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CAR-HACKING DEMONSTRATIONS TEND to get all the glory in the security research community—remotely paralyzing a Jeep on the highway or cutting a Corvette’s brakes through its Internet-connected insurance dongle. But as the nascent automotive security field evolves, defensive tricks are getting cleverer, too. Now there’s a new prototype gadget that stops those vehicular attacks with an ingenious hack of its own.
In a paper they plan to present at the Usenix security conference next month, University of Michigan researchers Kyong-Tak Cho and Kang Shin describe an easy-to-assemble tool they call the Clock-based Intrusion Detection System, or CIDS. It’s designed to spot the malicious messages car hackers use to take control of vehicle components like brakes and transmission. The CIDS prototype uses a new technique to spot attack messages: It records the communications on a car’s internal network known as a CAN bus and—in just seconds—creates “fingerprints” for every digital component of a vehicle, the so-called Electronic Control Units or ECUs that allow everything from brakes to windshield wipers to communicate.
To perform that fingerprinting, they use a weird characteristic of all computers: tiny timing errors known as “clock skew.” Taking advantage of the fact that those errors are different in every computer—including every computer inside a car—the researchers were able to assign a fingerprint to each ECU based on its specific clock skew. The CIDS’ device then uses those fingerprints to differentiate between the ECUs, and to spot when one ECU impersonates another, like when a hacker corrupts the vehicle’s radio system to spoof messages that are meant to come from a brake pedal or steering system.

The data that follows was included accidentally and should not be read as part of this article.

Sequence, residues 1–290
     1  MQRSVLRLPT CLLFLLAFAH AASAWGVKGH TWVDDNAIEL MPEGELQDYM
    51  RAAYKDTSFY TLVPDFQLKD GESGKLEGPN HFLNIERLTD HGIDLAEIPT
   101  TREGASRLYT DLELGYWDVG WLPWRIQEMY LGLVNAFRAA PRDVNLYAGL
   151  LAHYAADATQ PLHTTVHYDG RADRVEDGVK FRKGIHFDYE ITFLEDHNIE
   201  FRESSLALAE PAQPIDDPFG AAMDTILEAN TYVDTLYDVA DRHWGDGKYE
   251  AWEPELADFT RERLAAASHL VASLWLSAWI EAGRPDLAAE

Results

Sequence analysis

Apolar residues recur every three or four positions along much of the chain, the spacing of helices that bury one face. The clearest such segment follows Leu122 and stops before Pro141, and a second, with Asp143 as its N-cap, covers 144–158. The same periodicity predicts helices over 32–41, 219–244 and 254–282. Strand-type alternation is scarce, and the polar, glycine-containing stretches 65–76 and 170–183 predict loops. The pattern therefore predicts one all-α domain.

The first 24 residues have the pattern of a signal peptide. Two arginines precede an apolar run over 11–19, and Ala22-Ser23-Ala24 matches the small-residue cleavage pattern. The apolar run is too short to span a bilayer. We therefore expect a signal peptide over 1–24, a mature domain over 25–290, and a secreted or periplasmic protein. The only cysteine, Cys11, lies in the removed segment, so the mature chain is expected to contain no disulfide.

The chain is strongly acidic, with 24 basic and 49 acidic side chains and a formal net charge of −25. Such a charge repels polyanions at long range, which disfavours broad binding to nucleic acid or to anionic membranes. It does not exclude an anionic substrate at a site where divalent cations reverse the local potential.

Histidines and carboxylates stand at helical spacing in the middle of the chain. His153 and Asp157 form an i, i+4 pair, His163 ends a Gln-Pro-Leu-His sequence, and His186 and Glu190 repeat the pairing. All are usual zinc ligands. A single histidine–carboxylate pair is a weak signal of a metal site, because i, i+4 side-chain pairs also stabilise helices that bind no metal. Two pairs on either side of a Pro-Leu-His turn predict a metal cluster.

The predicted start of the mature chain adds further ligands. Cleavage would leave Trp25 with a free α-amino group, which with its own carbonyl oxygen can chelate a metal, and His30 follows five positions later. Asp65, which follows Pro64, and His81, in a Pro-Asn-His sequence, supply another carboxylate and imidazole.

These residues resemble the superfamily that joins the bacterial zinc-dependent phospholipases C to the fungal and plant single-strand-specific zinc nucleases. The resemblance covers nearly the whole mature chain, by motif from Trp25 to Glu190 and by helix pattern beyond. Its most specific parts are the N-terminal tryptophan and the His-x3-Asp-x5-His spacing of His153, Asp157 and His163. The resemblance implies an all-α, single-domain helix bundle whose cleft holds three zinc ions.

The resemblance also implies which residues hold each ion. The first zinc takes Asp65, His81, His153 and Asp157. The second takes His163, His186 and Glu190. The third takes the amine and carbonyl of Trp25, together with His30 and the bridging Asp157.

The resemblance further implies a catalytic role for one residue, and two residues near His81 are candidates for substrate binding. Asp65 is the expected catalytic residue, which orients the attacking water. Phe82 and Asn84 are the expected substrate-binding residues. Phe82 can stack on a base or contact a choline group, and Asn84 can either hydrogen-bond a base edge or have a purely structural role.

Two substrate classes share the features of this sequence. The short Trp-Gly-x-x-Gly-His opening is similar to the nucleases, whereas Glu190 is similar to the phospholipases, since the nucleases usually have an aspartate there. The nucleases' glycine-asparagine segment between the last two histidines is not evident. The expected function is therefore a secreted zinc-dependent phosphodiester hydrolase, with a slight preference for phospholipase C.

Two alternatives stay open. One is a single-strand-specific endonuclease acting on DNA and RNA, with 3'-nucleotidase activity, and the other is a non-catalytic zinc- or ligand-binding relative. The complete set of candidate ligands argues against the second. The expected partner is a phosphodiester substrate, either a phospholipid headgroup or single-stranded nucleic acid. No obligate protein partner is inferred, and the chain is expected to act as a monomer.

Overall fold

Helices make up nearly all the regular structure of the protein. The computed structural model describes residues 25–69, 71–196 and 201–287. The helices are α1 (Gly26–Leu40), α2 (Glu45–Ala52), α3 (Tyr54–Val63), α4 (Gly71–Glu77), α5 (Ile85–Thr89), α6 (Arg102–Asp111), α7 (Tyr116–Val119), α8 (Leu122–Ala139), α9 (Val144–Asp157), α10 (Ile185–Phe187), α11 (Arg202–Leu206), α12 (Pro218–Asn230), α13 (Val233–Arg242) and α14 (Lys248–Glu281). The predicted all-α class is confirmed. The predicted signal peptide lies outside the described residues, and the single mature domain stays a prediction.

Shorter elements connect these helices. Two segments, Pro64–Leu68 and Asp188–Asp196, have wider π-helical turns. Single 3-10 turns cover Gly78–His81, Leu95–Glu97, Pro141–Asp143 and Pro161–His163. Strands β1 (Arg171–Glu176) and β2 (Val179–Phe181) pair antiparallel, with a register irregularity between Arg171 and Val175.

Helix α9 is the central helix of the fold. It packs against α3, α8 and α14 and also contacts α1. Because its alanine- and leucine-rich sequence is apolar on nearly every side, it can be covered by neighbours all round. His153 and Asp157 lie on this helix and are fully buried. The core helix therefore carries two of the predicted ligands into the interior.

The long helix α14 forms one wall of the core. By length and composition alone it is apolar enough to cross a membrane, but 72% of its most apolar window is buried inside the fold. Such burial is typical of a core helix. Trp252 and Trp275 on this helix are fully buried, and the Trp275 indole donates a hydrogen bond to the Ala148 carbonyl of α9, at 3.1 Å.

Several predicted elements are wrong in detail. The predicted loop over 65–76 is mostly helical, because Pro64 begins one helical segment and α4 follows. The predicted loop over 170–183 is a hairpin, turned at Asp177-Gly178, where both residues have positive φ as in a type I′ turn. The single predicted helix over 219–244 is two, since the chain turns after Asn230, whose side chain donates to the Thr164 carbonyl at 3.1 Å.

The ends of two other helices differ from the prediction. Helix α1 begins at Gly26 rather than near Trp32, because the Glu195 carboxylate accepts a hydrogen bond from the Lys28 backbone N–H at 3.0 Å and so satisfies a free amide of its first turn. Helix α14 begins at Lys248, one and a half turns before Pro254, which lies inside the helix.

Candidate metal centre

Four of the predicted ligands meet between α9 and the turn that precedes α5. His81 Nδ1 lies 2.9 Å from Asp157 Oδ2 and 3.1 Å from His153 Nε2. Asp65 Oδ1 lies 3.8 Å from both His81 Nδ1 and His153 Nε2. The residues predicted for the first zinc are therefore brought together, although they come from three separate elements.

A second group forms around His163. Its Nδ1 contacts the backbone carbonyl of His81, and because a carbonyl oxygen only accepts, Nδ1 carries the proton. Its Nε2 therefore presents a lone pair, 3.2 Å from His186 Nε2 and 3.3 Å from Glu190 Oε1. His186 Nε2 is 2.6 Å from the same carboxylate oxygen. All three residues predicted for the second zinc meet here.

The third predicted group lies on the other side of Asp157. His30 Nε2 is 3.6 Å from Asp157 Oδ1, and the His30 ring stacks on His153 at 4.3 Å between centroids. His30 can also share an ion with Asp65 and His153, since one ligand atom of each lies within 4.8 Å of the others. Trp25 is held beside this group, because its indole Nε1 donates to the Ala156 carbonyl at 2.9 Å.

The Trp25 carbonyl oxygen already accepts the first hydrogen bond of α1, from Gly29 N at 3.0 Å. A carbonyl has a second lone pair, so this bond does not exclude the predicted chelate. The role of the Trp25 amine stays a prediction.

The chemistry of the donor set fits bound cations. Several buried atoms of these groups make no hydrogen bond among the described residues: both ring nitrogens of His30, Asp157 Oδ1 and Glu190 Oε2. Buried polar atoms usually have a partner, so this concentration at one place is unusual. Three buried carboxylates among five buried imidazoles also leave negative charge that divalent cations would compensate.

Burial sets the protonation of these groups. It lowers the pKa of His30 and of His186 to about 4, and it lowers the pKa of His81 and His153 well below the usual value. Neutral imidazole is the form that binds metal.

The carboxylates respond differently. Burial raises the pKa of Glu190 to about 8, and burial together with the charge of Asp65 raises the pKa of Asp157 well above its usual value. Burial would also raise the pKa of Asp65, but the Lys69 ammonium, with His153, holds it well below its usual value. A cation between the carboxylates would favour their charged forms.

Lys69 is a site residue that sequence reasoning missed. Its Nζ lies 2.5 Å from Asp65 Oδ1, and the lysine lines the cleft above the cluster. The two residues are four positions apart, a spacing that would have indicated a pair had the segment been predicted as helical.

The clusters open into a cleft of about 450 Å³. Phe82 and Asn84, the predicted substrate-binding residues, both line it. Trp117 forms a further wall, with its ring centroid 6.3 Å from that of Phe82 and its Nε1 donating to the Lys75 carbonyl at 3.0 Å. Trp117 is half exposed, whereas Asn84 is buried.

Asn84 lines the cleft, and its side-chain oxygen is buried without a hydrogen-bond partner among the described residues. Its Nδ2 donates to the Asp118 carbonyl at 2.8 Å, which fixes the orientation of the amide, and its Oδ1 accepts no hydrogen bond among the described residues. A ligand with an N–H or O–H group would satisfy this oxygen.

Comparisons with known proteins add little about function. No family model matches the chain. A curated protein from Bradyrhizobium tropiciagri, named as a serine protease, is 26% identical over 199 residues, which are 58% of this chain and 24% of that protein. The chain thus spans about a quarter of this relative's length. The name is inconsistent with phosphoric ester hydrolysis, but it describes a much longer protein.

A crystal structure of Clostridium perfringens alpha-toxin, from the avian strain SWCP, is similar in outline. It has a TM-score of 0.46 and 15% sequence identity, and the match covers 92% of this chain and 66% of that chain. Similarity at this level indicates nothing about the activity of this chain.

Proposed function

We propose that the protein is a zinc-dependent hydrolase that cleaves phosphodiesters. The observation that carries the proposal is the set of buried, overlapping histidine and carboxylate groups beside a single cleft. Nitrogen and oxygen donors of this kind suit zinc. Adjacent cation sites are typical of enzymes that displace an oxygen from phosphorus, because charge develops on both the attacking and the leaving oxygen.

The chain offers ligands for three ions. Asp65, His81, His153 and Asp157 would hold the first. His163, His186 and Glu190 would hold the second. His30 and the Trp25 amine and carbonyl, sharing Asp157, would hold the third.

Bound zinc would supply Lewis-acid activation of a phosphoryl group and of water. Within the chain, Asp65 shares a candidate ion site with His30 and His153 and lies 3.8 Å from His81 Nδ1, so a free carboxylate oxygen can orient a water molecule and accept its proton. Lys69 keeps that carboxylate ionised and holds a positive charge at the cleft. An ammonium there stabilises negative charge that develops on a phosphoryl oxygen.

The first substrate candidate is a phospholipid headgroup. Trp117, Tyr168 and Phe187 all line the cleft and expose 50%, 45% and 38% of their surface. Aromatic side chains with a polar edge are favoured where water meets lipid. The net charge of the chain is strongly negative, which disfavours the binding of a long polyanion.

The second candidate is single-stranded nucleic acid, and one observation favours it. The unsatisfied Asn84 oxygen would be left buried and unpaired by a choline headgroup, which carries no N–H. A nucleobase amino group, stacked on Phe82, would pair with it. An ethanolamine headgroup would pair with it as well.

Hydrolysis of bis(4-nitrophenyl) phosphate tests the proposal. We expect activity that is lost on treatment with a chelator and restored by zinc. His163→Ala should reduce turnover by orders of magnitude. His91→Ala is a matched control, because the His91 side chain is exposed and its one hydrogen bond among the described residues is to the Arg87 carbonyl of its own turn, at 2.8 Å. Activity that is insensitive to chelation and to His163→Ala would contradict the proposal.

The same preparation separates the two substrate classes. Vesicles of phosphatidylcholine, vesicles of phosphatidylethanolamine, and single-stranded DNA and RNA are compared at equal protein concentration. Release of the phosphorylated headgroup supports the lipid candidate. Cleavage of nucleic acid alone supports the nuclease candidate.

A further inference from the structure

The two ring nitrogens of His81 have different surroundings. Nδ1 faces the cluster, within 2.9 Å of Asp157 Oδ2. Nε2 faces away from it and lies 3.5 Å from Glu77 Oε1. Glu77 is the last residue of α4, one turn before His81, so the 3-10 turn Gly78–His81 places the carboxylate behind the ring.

That sort of impersonation is key to how white hat hackers previously managed to remotely mess with vehicles’ brakes, transmission and steering systems.
The Clock Skew Method
No one has ever used clock skew to fingerprint car computer components before, but the fundamental idea isn’t entirely new. Security researchers have proposed using clock skew identification on other kinds of computers for more than a decade. The trick exploits the fact that the oscillating crystals computers use to track time have minute differences based on manufacturing defects and temperature. Over time, that means a computer’s clock can “drift” if it’s not constantly reset against a more accurate clock via the internet—and since cars’ ECU clocks are designed to allow signals to be sent at certain frequencies rather than certain times of day, their clocks tend to drift without ever being corrected.
“Since each clock drifts, based on the message arrival, I can tell whether it’s sent by [the car’s legitimate ECU] or someone else,” says Kang Shin, the University of Michigan professor who created CIDS along with graduate researcher Kyong Tak. “We can fingerprint it based on timing, according to that clock.”